Requiem for the Republican Party

Last week, the politics of fear ended:

“Because I care so deeply about protecting our country, I take strong offense to your suggestion in recent days that the country will be vulnerable to terrorist attack unless Congress immediately enacts legislation giving you broader powers to conduct warrantless surveillance of Americans’ communications and provides legal immunity for telecommunications companies that participated in the Administration’s warrantless surveillance program.

“If our nation is left vulnerable in the coming months, it will not be because we don’t have enough domestic spying powers. It will be because your Administration has not done enough to defeat terrorist organizations — including al Qaeda — that have gained strength since 9/11.

“I, for one, do not intend to back down – not to the terrorists and not to anyone, including a President, who wants Americans to cower in fear.

“We are a strong nation. We cannot allow ourselves to be scared into suspending the Constitution. If we do that, we might as well call the terrorists and tell them that they have won.”
—U.S. Representative Silvestre Reyes, “Letter to President Bush regarding the Foreign Intelligence Surveillance Act,” February 14, 2008

[A requiem after the jump.]

A requiem for the Republican party

I begin this requiem, like it began, with these words:

“Those who seek to live lives for you, to take your liberty in return for relieving you of yours, those who elevate the state and downgrade the citizen, must see ultimately a world in which earthly power can be substituted for divine will. And this nation was founded upon the rejection of that notion and upon the acceptance of God as the author of freedom.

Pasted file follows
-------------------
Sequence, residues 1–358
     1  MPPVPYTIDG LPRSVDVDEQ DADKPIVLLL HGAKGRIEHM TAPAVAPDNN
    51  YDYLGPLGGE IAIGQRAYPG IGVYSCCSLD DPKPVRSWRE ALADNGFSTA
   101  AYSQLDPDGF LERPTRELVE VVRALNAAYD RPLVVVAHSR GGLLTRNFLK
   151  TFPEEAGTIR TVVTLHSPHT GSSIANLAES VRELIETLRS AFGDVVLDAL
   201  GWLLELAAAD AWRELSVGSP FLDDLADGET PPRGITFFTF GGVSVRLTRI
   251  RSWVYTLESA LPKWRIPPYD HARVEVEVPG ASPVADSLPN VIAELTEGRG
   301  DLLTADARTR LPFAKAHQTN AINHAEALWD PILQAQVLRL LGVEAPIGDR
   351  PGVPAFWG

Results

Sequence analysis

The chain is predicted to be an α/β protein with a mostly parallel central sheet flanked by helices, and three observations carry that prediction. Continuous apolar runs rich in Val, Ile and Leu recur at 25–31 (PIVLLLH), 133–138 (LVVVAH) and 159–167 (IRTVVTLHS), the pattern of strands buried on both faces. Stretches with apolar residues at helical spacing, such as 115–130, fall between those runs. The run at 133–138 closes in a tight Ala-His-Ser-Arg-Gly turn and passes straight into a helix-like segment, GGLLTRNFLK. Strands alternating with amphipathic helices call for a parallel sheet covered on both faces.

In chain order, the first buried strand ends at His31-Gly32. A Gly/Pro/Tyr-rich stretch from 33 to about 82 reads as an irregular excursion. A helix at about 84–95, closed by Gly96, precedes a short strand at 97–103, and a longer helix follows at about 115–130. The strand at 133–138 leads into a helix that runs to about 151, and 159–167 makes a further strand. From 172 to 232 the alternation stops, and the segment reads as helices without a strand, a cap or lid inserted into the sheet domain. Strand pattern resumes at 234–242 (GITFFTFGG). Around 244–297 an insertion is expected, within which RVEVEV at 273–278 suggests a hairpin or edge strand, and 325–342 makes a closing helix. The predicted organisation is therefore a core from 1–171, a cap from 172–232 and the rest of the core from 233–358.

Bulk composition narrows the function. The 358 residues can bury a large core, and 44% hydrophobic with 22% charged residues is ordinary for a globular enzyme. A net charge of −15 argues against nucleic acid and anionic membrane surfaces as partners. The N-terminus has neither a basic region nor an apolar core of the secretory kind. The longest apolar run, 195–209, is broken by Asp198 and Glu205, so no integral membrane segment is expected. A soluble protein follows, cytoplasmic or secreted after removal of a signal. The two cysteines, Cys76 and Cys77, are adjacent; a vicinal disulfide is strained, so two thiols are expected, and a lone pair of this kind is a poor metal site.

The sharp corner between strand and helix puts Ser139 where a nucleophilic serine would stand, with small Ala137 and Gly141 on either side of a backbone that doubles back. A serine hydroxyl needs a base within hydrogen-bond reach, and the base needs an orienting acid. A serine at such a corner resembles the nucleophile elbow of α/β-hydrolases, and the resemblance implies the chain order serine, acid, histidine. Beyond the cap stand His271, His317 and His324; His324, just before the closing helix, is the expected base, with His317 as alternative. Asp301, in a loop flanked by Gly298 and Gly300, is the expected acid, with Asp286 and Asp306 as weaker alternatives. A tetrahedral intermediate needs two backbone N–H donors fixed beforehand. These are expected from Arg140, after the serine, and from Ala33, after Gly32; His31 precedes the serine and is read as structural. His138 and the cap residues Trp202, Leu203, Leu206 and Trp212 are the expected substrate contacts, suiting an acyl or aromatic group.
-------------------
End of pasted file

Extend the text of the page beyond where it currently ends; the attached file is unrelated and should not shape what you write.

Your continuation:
“Now, those who seek absolute power, even though they seek it to do what they regard as good, are simply demanding the right to enforce their own version of heaven on earth, and let me remind you they are the very ones who always create the most hellish tyrrany. Absolute power does corrupt, and those who seek it must be suspect and must be opposed.

“I would remind you that extremism in the defense of liberty is no vice!
—Barry Goldwater, Presidential Nomination Acceptance Speech for the Republican Party, July 16, 1964

Those words, uttered by “Mr. Conservative” himself, marked the beginning of modern day republicanism. They were the rallying cry of the Republican Party during the crescendo of the 80’s. How ironic that a half century later, we see the Republican Party has purchased their prominence at the price of the very core of their values!

So now we see the fruition of modern day Republicanism: a party inhabited by little men, guided by little strategies, backed by little voices. In times we have asked for and received the unity of the world, you have returned it with the division of politics for petty gain. In times we have hoped for hope, you have given us resigned despair. In times requiring the empathy for another, you have given us the anger of selfishness. In times, as in all times, demanding the courage of conviction, you have only traded in fear.

“Those who would give up essential liberty to purchase a little temporary safety, deserve neither.”